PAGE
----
How the Republican Party lost a loyal supporter.

I used to be a Republican. Back in high school, in the 1980s, I completely bought into Cold War fear-mongering and believed that the United States needed a new kind of leadership. My parents talked about the type of Democrats there had been during the Kennedy and Johnson years and how they didn’t exist anymore in America.

During the 1970s, I waited in line at the gas stations with my father in our family car, hoping we could get enough gas to last until the next odd numbered license plate day allowed us to partially fill up once again. I had seen our country suffer heavy losses in morale during the years following the Vietnam War, and I trusted along with Mom and Dad that a charismatic candidate named Ronald Reagan would lead us to greatness once again.

In many ways, the 1980s and early 90s were a period of time when our country as a whole saw prosperity and growth. I moved out to Oklahoma in 1989 and saw first hand what a true Red State was like. Virtually everyone I knew was kind and generous in many ways. When times are good, it’s easy to support things like the arts, education and shelters. It’s not difficult to feed someone who doesn’t look or act like you, but if they believe differently, well that could cause some ripples on an otherwise steady political pond, where “our way” is right and a different way is wrong.

Then, during the 1990s, my ideology slowly began to shift. The change in my way of thinking didn’t happen suddenly. The Republican Party didn’t lose me all at once; our divorce took several years to finalize. What I began to see were a specific set of principles and priorities that manifested themselves into a belief system I could not espouse. I wasn’t recognizing the party I thought I had known in my high school days. It seemed like the party was changing. I had voted President George Herbert Bush into office with my first eligible presidential ballot, and then I voted his son into his first term, largely swayed by what was my adopted home state of Oklahoma at the time. That was the last time I voted Republican.

What initially attracted me to the Republican Party, if I’m honest, was the idea that if I worked hard enough, I could get rich. After all, Rush Limbaugh and Sean Hannity, the mouthpieces of Republicans during the 90s, told me that was all I needed, and neither one of them had ever gone to college. The message I took in was that anyone could pull himself up by his own bootstraps, opportunity existed for everyone and the government was the enemy.

What I slowly began to realize as I became an adult, got married, and had children was that bootstraps don’t exist but social contracts do. Opportunity is available to those with the right connections and our government is meant to be of the people, by the people, for the people. When we make that which is beneficial to us all a societal priority, we make life better for ourselves and for everyone.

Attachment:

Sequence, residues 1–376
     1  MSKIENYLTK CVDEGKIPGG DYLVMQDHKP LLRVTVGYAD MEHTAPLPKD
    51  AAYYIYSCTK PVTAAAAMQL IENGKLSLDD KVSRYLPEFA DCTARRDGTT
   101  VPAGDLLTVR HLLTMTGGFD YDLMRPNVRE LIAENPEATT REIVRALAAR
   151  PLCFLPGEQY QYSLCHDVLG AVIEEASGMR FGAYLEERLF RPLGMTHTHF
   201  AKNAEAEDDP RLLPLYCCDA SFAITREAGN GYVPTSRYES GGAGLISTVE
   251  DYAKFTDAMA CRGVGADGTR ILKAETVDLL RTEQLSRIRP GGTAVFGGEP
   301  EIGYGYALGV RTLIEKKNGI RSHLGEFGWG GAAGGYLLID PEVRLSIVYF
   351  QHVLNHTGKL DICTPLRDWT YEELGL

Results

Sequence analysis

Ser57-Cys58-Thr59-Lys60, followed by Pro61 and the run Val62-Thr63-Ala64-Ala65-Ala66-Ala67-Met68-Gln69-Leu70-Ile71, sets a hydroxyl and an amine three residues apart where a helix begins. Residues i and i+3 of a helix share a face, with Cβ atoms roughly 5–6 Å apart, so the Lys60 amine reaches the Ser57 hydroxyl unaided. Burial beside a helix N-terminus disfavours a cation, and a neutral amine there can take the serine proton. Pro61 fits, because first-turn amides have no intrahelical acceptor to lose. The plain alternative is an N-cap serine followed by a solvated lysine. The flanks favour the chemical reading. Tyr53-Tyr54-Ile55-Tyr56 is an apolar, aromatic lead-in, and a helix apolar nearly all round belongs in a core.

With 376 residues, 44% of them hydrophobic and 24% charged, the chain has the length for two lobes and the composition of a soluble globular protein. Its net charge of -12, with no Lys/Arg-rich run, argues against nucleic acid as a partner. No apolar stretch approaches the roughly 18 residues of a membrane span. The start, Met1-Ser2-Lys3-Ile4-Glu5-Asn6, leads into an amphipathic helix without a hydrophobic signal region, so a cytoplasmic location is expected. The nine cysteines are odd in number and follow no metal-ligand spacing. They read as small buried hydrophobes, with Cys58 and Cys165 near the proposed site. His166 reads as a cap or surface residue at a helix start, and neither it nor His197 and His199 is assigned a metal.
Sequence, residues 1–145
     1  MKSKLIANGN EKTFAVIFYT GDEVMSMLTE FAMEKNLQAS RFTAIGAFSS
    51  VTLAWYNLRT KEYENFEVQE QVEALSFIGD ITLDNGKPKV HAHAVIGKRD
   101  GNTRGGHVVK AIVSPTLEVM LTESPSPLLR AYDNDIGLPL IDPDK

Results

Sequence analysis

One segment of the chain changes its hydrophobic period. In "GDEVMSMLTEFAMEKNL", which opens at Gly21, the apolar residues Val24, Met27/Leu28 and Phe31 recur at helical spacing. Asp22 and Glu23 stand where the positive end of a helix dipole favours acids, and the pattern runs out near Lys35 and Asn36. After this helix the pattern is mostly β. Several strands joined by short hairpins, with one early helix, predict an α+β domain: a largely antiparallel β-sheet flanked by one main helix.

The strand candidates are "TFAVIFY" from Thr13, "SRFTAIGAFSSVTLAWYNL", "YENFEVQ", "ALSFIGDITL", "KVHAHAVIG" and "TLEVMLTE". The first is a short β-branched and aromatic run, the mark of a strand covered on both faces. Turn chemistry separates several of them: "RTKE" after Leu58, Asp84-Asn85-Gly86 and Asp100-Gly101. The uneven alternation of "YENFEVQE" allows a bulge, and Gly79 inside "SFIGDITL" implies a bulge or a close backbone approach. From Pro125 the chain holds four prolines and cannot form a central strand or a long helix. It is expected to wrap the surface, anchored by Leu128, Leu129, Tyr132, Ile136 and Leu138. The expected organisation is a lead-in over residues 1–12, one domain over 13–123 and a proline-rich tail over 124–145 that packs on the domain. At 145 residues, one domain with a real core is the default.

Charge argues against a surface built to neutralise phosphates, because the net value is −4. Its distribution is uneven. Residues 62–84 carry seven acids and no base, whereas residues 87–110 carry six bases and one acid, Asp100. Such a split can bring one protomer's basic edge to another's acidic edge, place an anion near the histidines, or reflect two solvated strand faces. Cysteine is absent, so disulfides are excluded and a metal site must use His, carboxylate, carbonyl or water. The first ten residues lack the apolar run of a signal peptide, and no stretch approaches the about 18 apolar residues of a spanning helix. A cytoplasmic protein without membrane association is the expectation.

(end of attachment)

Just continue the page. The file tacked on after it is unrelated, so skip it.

I make my living as an actor and writer. I see how important the arts are to society on a daily basis. They should receive substantial support. While there are many republicans who do support the arts, I know of very few who feel there should be support on the national level. To be a truly great and lasting civilization, the arts must be a high priority. The continued lack of support of the arts from Republicans during my 13 years in Oklahoma beat kinks into my loyalty armor. That hit me where I live; but it was more than just personal, it affected the entire community.

I also began to see a significant difference in what Republicans and Democrats value when times get tough. When the financial crisis hit, many people lost a great deal of money. Certain banks were too big to fail, and executives were allowed to continue to make obscene amounts of money when they should have been in jail. Those at the highest levels of government deemed that the lives of those at the highest levels of business should be largely unchanged, while those who had worked hard and prudently invested suffered greatly.

What struck me on an everyday level, however, was the general attitude that surfaced on social media and on the streets regarding the general population’s individual ambitions as we recovered. I didn’t recognize it during the “Me” era of the Reagan days, but it was surely there. The general attitude of the Republican was “I’ll get mine for me and my family, and you get yours” while the Democrats seemed to display an attitude of “We’ll do better as individuals if we first do better as a community.”